It was only in her last couple of years that she found a working calmness and stopped driving me nuts with doing things she wanted to do rather than things I needed her to do. She finally understood that “Stay around.” did not mean “Take off.”
Lucy and Sophie lived together with us for about eight years. They were friends, but jealous of the other getting human affection. They would jostle for the optimum petting position, ducking under each other’s neck to get next to us.
We knew their personalities, and they lived with ours. We adjusted to each other’s quirks. It wasn’t marriage, but it was more than a group house.
Lucy got slightly more attention, which is understandable because her ears were much softer, she didn’t wiggle and she didn’t dig her toenails into my bare feet. She was a kind and gentle animal who never had a bad word to say about either life or me.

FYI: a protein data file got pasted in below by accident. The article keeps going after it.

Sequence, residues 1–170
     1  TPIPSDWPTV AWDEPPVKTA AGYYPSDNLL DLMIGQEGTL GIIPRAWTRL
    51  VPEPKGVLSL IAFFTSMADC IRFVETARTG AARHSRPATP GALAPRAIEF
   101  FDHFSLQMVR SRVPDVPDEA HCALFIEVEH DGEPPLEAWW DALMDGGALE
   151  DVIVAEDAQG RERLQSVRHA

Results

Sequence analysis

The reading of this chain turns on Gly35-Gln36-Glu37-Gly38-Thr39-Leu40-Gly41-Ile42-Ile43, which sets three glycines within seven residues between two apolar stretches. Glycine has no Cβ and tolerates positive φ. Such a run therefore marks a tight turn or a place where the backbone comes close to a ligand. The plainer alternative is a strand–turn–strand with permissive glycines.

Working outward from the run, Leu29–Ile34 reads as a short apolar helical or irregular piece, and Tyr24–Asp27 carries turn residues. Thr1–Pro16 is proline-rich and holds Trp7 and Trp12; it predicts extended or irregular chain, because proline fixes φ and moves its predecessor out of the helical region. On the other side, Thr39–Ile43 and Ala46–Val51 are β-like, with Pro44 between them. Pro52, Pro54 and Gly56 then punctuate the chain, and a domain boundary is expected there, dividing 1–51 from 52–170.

Sophie preferred being scratched to being rubbed. She never figured out that she would get more scratch time if she didn’t immediately flop on her back out of reach.
Lucy slept curled like a cashew. Sophie slept on her back, legs splayed with her cheeks dripping upside down revealing her canines.
Melissa could get both to grin. I could get both to settle down on their mats.
Dogs have memory, but live in the present. Sophie never held it against me that I’d scold her when she ran off to follow her passions. I was not so generous with forgiving her.